The U.S. Supreme Court ruled Monday schools must pass a stricter legal test when using affirmative action in school admissions. NBC's Pete Williams reports.
The Supreme Court's decision to apply a tough legal standard on college affirmative action policies on Monday was hailed as a win by opposing sides, though supporters acknowledged it meant they'd have to go farther to keep such guidelines in place.
By a 7-1 vote, the court sent a case about the University of Texas admissions policy back to a federal appeals court for review, and directed the appeals court to apply an exacting legal standard known as strict scrutiny rather than accept a university's assurances of acting in good faith. (There were only eight votes because Justice Elena Kagan recused herself since she worked on the issue while she was solicitor general under President Barack Obama).
The case was brought by Abigail Fisher, a white woman who applied to the university in 2008 and was denied. She claimed that her constitutional rights and federal civil rights laws were violated.
Supporters of affirmative action said they were encouraged that the justices at least didn't yet accept the argument that race-based admissions should be completely done away with.
“This is basically where a check engine light has come on,” David Hinojosa, a regional counsel of the Mexican American Legal Defense and Educational Fund, said of the case.
“Without looking under the hood, Fisher said 'throw away the car, don't even salvage it.' And now what the court has said is, 'let’s look under the hood. Now it still might be a faulty light or it might be potentially a tune-up, but we definitely don’t need to discard the car altogether,'” said Hinojosa.
Sherrilynn Ifill of the NAACP's Legal Defense and Educational Fund said the ruling — long-awaited since arguments were first made before the high court last October in the case — upheld the standard handed down by the justices in 2003, when they allowed public universities to consider race to get a critical mass of minority students.
Though supporters were thrilled by that, Ifill noted: “We also recognize that the court has put a wrinkle into the analysis that courts will have to use when they assess whether a university's plan meets constitutional muster.”
That wrinkle means courts must engage “in a rigorous review” of a university's affirmative action polices. They have to determine that the university couldn't find another race-neutral alternative to achieve the educational benefits of diversity, said Ifill president and director-counsel of the fund.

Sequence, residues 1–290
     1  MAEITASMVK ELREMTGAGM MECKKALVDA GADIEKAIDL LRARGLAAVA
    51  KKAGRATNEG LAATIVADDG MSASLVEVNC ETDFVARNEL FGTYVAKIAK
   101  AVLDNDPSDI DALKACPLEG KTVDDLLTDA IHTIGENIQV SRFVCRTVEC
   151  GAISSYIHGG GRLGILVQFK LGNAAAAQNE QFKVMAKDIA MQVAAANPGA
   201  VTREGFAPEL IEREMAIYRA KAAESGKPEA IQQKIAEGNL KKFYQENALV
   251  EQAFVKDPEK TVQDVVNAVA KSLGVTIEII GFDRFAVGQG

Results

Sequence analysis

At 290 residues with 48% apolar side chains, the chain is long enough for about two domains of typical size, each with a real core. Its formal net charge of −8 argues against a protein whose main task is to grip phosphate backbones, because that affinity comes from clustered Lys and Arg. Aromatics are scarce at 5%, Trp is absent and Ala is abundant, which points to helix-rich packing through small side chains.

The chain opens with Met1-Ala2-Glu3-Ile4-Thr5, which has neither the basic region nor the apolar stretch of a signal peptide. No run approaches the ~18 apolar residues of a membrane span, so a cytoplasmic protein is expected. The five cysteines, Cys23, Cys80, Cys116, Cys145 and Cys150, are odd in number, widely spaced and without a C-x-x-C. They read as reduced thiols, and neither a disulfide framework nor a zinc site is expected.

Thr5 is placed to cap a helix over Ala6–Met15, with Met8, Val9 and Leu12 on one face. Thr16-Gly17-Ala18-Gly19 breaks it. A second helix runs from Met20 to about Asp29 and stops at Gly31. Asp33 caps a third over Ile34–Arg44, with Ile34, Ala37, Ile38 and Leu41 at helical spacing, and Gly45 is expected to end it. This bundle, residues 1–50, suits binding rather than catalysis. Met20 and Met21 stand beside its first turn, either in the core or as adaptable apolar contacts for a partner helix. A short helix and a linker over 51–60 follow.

“That standard is certainly a sharper and a tighter standard,” said Ifill. “We believe the University of Texas can meet it and we believe that many other universities ... will be able to do so as well.”
But opposing counsel, Edward Blum of the Project on Fair Representation, said he thought the university wouldn't be able to meet that standard and that the justices' ruling would compel the lower court to strike down the UT's use of affirmative action in admissions.
“The Supreme Court has established exceptionally high hurdles for the Univ. of Texas and other universities and colleges to overcome if they intend to continue using race preferences in their admissions policies,” Blum said in a statement. “It is unlikely that most institutions will be able to overcome these hurdles.”
It may be up to two years before the case is ultimately resolved, said Hinojosa, adding that he believes the Fifth Circuit would in turn have to send the case back down to the lower court.
Supporters of affirmative action said they would also be reaching out to university officials to give them their take on what the decision means in a bid to preserve their policies.
“We intend to be there as other colleges and universities attempt to comply with the court's decision to ensure that the plans that they use for creating their student body will be in accordance with the court's articulation today,” Ifill said, later adding: “We ... want to make sure that universities don’t turn their back, in an abundance of caution, on the commitment to diversity and opportunity for minority students.”